there are three directions of generic strategy: cost leadership, differentiation, and focus. Cost leadership means that the company win market share through controlling its cost to attract price-sensitive customers. A company can achieve cost leadership normally by three main ways: achieving a high asset turnover, achieving low direct and indirect operating costs, and controlling over the supply chain. Differentiation strategy is implemented through providing differentiated product or service to get the premium price. Focus is not a separate strategy but it illustrates on which scope the company should perform based on cost leadership or differentiation. In this thesis we are going to use these theories to analyze our focal company.

1.2 Research problem


1.2.1 Research gap

There exist two research gaps. The first one is the Porters Five Forces framework and its application in the strategic processes in the real cases, especially when the industry is in the introduction stage. The second one is the effects of the government policies on the industry and enterprise in Chinese context. The existing researches focus on the companies operation and competitive strategy in the Chinese market. Many researchers studied how the five forces determine the intensity of the competition and the profitability of the industry, as in Nadeau and Casselman (2008), Cantner, Kruger, and Rhein (2009), Johnson and Scholes (2002). However, it lacks of research on how government policy changes the five forces and influence the competitive intensity of the industry. Furthermore, electric vehicle studies neglect the specific nature of the Chinese electric vehicle industry and the strategy formulation and implementation of the players.

1.2.2 Purpose of study

In order to fill these gaps, the purpose of this paper mainly includes two ideas. Firstly, we apply the five forces model to analyze the electric vehicle industry in the Chinese context. The Five Forces model was proposed and validated in the western context. However, the Chinese market is regarded as not as free as the western markets and the Chinese economy was greatly influenced by the government. We will use the Five Forces framework to identify the competition status of the Chinese electric vehicle industry. We will also find out the differences between the application of the model in western context and the application of the model in Chinese context. Secondly, we will research in which way the government policies influence the industry and affect the five forces through analyzing the case on FAW Electric Vehicle Company. Besides, we will study how should the company design and implement its strategy in such context.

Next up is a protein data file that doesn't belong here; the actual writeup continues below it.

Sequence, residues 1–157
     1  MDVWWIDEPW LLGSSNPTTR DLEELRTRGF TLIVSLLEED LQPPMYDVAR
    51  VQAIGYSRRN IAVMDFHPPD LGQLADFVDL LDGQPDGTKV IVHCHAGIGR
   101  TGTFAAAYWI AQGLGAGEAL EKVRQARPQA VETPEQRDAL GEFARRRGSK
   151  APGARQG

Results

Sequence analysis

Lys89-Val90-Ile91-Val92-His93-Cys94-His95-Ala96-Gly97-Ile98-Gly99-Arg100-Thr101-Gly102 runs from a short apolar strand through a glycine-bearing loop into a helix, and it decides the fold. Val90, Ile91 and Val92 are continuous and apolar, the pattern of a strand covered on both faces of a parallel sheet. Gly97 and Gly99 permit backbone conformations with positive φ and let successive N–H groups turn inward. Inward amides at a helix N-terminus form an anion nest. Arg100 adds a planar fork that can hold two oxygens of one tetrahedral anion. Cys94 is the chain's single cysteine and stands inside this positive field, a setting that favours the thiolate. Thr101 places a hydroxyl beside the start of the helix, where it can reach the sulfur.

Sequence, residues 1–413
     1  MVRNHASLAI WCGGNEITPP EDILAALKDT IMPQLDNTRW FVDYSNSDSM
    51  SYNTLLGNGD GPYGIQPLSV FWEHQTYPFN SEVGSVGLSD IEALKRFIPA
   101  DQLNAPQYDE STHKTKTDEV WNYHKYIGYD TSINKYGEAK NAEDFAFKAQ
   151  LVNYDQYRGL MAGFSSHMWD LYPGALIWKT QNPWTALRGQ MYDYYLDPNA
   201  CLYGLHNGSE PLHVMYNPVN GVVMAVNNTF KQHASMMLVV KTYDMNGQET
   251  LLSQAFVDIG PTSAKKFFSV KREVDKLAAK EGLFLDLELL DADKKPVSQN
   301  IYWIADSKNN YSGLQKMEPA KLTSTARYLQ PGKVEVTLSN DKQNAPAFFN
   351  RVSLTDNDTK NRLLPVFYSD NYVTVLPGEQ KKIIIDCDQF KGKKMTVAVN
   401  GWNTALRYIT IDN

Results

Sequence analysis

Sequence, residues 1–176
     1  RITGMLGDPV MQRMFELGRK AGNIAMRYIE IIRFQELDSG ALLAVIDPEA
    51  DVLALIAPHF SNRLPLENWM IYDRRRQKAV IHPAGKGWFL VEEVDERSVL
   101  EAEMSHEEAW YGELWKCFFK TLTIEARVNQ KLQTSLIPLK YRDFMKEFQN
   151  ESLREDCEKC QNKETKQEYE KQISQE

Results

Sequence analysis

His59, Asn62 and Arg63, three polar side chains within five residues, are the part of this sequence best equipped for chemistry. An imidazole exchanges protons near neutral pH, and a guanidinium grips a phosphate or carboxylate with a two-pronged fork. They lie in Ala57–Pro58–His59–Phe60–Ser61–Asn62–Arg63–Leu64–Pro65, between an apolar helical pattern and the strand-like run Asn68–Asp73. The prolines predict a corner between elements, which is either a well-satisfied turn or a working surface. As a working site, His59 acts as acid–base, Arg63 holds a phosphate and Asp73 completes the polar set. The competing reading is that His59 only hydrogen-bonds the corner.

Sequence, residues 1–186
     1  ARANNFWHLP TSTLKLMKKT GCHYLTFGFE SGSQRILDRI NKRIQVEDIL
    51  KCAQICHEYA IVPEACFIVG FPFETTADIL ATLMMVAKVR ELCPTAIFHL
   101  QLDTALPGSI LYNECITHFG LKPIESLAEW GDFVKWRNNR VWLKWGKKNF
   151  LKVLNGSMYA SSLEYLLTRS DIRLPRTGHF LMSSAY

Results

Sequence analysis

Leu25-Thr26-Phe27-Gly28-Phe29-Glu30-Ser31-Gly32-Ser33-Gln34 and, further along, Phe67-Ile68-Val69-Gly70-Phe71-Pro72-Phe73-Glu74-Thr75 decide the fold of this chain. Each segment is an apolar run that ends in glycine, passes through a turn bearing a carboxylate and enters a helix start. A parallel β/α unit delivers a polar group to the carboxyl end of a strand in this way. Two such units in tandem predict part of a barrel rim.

1.2.3 Contribution to the academic field

The contribution of our research consists of three respects. Firstly, FAW Electric Vehicle Company can benefit from the analysis of the Chinese electric vehicle industry and our recommendations to FAW.

Secondly, the practitioners, established companies, and the potential entrants of the Chinese electric vehicle industry can benefit from our study since we point out how the industry profitability and the competitive intensity is determined by the five competitive forces, and is influenced by the government policies. They can find a position in the Chinese electric vehicle industry where they can best defend themselves.

Lastly, the general contribution to the academic field is the challenging, and our feedback of the application of the existing Five Forces Framework. We will try to 6

explain how the government policies influence the current status and the development tendencies of the industry through changing the five forces. We will also propose our hypothesis at the end of the analysis chapter, which the force of government policy is introduced into the Five-Forces Framework. However, our hypothesis has not been tested in other context, so we hope that the hypothesis can be validated and developed in the future research.

1.3 research outline